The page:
Storms Of Life
(Tone-Cool/Artemis - CD751 135 2A c.2002)
by Craig Ruskey
Review date: September2002
"Keeping the Blues Alive Award"|
Achievement for Blues on the Internet
Presented by The Blues Foundation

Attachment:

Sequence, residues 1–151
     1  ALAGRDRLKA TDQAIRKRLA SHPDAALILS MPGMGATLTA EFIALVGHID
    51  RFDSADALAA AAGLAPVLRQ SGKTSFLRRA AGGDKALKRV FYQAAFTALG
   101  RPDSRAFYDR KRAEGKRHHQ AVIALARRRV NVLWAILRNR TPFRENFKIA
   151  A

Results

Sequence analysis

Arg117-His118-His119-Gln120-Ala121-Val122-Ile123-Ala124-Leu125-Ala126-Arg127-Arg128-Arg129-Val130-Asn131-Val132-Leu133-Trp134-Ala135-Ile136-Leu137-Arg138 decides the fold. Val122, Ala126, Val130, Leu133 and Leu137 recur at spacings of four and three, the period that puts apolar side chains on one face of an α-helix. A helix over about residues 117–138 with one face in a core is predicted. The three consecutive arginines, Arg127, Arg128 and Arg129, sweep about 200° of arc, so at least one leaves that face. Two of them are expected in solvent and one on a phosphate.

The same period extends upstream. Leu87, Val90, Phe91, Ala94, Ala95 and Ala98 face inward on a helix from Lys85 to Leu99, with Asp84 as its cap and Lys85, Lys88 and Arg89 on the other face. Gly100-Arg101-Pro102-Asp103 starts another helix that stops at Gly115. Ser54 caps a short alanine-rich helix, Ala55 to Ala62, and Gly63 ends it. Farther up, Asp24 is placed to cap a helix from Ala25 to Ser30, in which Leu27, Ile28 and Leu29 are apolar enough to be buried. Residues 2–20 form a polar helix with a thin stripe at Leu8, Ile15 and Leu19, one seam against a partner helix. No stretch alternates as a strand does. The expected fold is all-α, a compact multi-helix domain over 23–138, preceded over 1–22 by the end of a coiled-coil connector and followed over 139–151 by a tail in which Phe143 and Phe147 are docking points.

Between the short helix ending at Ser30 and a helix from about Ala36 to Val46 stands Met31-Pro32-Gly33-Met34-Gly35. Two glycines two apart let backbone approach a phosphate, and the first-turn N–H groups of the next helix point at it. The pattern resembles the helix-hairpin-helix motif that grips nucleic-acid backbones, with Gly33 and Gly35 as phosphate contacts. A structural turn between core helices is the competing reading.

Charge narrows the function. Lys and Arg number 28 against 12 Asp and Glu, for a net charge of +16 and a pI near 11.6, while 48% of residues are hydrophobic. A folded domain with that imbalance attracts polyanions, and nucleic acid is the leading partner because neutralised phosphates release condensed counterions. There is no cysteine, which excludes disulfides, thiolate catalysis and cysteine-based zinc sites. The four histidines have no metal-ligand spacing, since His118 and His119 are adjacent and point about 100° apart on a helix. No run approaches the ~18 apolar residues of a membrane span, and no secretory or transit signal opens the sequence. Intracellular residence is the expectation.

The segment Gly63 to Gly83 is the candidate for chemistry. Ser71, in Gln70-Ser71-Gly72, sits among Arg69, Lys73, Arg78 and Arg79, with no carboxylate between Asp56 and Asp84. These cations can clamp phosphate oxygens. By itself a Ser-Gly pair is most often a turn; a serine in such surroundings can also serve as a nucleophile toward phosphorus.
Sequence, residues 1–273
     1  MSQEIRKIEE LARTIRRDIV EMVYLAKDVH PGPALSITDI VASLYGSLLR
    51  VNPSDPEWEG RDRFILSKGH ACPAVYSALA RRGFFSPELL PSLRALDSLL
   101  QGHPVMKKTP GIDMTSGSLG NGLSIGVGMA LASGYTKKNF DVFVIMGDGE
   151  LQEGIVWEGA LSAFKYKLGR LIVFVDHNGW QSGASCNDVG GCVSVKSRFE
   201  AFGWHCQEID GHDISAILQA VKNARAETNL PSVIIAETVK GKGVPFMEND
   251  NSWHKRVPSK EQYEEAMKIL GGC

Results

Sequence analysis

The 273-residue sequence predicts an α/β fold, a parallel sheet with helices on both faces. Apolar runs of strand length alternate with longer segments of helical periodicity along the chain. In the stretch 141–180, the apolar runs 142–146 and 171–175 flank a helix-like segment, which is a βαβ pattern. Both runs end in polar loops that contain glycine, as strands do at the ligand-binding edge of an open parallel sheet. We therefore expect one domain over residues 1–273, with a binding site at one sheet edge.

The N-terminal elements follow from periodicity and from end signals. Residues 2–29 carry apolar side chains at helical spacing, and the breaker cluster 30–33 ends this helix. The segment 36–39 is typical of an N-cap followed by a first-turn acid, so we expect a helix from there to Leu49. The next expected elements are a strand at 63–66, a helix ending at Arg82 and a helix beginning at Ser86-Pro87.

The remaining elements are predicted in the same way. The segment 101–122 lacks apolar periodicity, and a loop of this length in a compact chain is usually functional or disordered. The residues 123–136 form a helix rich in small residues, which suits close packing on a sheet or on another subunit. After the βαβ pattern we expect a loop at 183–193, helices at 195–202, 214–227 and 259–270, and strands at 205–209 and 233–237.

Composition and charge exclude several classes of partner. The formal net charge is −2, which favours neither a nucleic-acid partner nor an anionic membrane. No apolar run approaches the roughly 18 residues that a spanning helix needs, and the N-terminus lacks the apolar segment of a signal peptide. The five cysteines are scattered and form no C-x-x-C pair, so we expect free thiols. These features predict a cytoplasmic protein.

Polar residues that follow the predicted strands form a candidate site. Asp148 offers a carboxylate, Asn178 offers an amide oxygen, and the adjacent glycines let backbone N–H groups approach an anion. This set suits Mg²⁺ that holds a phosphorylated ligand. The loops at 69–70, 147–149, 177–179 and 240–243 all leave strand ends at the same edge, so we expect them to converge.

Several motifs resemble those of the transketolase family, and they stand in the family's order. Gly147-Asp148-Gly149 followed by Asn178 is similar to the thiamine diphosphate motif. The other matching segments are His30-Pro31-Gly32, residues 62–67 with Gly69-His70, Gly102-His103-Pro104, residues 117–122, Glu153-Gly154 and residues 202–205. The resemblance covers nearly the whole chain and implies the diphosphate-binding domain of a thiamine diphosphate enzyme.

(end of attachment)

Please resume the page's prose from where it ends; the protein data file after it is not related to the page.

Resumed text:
Much like his father, Luther, Bernard Allison is his own man while he carries the torch of influence from those who impressed him. There is a comfortable yet indelible impression left by his father that emanates from close to everything Bernard has recorded since the age of 13, when he guested on one of Luther's recordings, and his newest, "Storms Of Life," a second effort for Tone-Cool, isn't much different. A commanding guitarist with effortless control of his instrument and vocals that are a perfect match to what he unleashes from his six-string, his catalog is growing as surely as he is maturing. For the purist (more or less) there's the unfettered workout of "Slip Slidin', " which leads off here, laced with careening bottleneck and Luther's "Down South" is a smoking four minutes of uptown guitar grit filled with passionate vocals and slicing licks, plus a pair of solos that burn up the surroundings. Johnny Winter's "Mean Town Blues" is taken at a breakneck pace, much like the original, but far more centered and solid, and the modulating shave-and-a-haircut groove of "Speed Slide" offers more whistling bottleneck. For the shuffling "Fist Full Of Dirt," there's enough guitar pyrotechnics to please younger fans and the band swings through the relaxed pace of "Goodbye Little Girl" powered with chugging horns, harp, and a riveting guitar break. The dynamics-charged "Help Me Through The Days" takes a simmering slow blues right into the alley, where it belongs as Bernard leaves antics by the wayside and plays soulfully, from the heart. Less traditional, yet firmly rooted in blues territory is the title cut with a slow and funky mood and the similar approach of "Just Do Me Any Way You Want." The loping feel of "I Think I Love You Too Much" traverses the modern blues idiom well with haunting guitar and there's a looming air of mysteriousness for "I Wanna Drive You Home," and while everything seems to be in check, the back-and-forth groove never seems to settle into completely comfortable territory. "Snake Bit Again" is packed with supercharged guitar heroics and a thumping beat that propels the track while "Reaching Out," from his father's pen, is quite radio friendly (for what's considered modern R&B) with it's floating, jazz-inflected alto sax break. While it doesn't necessarily break a lot of new ground, Bernard's "Storms Of Life" has enough going for it to attract a younger crowd while older, blues-grizzled veterans will take pleasure in the deeply-rooted attack of the young guitar slinger. Blues is in a good spot today with newer talent filling a good portion of the void left by passing greats and Bernard Allison has a master's touch to keep the flame burning brightly. The web address is www.tonecool.com and email contact can be made by writing to firstname.lastname@example.org - a label with plenty to offer.
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